Written by Musa Shadeedi
Translated by N.H.
Copy Editor: Eliza Marks
Art work by Yasmine Diaz
In January 2020, Ali el-Husseiny, the spokesperson for the Popular Mobilization Forces (part of the Iraqi armed forces) appeared in military uniform in a video in which he threatened the protestors of the revolution, which began in October 2019, and accused them of being homosexuals (mithliiyn) and prostitutes. Prior to that, Izzat al-Shabandar, a former Iraqi parliamentarian, described the protestors as “thugs and degenerates,” and “Sodomites” (lawata)1 who did drugs, drank alcohol, and fornicated day and night” in a leaked phone call. This wasn’t the first time such claims were made. How did the ruling Iraqi political class incorporate sex into its anti-revolutionary narrative? And how did the protestors respond to these accusations? Did revolutionary spaces really manage to accommodate individuals with diverse sexual orientations and engage all different segments of society despite state narratives?
This article begins the task of documenting the spectrum of sexual orientations present during the Iraqi revolution, the sexual charges leveled by the political class against revolution sites, and how some of these individuals responded to these charges.
Lian* is a lesbian dentistry student. She did not participate in the revolution at first because she did not have any hope in the Iraqi society and was not interested in Iraqi political affairs, like many other Iraqis. She had even been planning her future away from Iraq because she did not see a future in it. However, after the first few days of October 2019, she saw young people like her in the squares. “Young people my age who love freedom and want to live in peace. I felt a sense of belonging with them. For the first time in my life, I felt safe with these people. I was one of them and was ready to give my life to them, because we had all become one. I wanted freedom for myself and for them. I wanted the community I saw at Al-Tahrir Square to grow and become a reality for all of us.” That’s when Lian decided she was going to stay in Iraq and participate in building a nation that she wanted and to change reality alongside the revolutionaries at the square. “Of course, it’s not easy, but everything begins at some point and that needs to be now. If not us, then who?”
I could relate to Lian. I also felt the same way during the first weeks of the revolution, even though I live abroad, and this is perhaps the greatest thing the revolution has done for us: It has reformulated our identity.
The deep bonds and solidarity forged in the square took Lian by surprise. People were ready to sacrifice themselves for one another. “One time I walked toward a dangerous area near Jumhuriya Bridge—where security forces’ threw smoke bombs and shot live bullets that killed the protestors—and a poor-looking guy who looked like he was in his early thirties or late twenties took off his helmet and handed it to me. ‘This is for you. Stay safe,’ he said. ‘But I’m not staying here,’ I told him. But he gave it to me and left.” He gave her the only thing that could protect him from death.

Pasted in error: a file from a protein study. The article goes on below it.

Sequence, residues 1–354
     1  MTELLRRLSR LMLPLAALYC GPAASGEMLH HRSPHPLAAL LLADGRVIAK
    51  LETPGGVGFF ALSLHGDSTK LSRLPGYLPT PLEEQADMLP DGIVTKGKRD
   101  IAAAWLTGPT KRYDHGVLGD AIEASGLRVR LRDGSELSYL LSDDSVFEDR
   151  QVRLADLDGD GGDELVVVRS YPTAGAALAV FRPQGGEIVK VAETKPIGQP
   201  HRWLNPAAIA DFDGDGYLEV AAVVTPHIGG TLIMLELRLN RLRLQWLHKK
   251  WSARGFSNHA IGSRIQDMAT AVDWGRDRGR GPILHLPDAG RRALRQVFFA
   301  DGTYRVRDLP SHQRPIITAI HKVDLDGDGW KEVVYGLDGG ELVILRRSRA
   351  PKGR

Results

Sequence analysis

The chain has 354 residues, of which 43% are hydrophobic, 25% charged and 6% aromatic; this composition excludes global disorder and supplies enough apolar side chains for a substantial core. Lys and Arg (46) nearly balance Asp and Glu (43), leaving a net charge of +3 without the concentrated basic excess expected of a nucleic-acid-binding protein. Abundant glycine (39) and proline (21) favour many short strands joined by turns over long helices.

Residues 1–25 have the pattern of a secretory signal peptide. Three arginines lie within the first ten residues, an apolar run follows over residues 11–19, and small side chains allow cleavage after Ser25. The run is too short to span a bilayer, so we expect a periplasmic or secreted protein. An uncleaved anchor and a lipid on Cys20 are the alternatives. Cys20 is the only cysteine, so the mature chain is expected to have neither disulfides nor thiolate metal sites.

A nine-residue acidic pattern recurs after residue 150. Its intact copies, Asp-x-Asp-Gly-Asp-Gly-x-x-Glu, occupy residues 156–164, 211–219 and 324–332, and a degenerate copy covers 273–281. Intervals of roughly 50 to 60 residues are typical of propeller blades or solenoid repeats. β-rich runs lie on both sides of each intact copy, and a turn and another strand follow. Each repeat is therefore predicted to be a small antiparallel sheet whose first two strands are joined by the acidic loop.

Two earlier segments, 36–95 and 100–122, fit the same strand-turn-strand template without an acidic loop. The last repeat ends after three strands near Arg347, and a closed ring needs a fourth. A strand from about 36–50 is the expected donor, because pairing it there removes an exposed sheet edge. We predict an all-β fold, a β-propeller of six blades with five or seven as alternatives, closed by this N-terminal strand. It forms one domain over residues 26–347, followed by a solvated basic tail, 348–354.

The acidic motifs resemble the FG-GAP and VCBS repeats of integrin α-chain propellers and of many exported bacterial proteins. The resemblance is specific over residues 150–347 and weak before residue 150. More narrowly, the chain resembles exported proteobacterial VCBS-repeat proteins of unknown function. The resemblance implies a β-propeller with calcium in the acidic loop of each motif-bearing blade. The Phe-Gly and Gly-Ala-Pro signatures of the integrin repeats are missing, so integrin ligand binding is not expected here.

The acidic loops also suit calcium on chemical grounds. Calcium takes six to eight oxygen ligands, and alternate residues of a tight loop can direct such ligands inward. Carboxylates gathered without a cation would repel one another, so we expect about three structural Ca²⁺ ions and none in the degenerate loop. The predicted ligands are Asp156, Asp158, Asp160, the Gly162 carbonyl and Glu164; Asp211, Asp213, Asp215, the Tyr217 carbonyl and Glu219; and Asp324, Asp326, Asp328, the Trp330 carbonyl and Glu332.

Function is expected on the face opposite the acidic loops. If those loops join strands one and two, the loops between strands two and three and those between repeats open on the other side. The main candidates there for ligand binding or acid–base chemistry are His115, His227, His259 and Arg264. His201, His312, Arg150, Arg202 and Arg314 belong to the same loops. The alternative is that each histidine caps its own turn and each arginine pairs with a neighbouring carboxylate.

She went to the square multiple times with her partner. She told me about the queer people there and their courage in the face of security forces. She did not believe that the participation of queer people in the revolution would weaken it: “They are Iraqis first. The people at the square don’t care if you’re gay or not. The only important thing is honoring the martyrs and avenging their deaths. That’s the most sacred thing, and it strengthens the revolution. It also reveals a lot. Despite being different and afraid of not being accepted in the square, queer people have forgotten their personal fears and are participating in the revolution for a greater cause.”2
Noor is a 23-year-old asexual paramedic from the Al-Tahrir Square in Baghdad. She had previously volunteered in the Iraqi army during the liberation of the country from ISIS. She followed with sadness the events of October 2019, when the Iraqi government used excessive force against peaceful youth demonstrations, and more than 100 people died in under one week. Noor joined the demonstrations on the 25th of that same month, which later became known as the October Revolution. “I started to prepare for the revolution starting the 22nd. We told our friends to join us and bring along first aid kits.” Noor and I talked about female participation in the revolution. She described it as “unexpected and a shock to society, especially that they were at the frontlines and out till late at night.” This irked the government to a great degree and resulted in the systematic kidnapping of paramedics from Al-Tahrir Square. “Yesterday, the government filed a lawsuit against the Organization of Iraqi Women’s Freedom, which protects abused women and provides them with shelter,” Noor said. According to the media, the organization stood in the way of tribal honor killings, which prompted the Secretariat of the Council of Ministers to file this lawsuit against them. This meant that the government benefited from these murders, especially when the victims were protestors.
She told me about a lesbian friend who was protesting. Her friend received death threats from an Irani militia on the pretext that “she resembled a man,” which led to her escaping abroad. On the presence of queer people in the square, she told me there were many of them, and none of them were harassed inside the square, and that “only political parties and their militias did any harassing.” Perhaps this reveals who killed Iraqi people on charges of “homosexuality” over the past 16 years. Regarding the sexual charges leveled against the protestors by the ruling political class loyal to Iran, Noor said, “It’s because they’re sexually repressed. All they think about is sex, which is a natural right. All these attempts to disperse the revolution are unsuccessful because the demands are clear, and there is no going back. Queer people are a source of strength for the revolution.”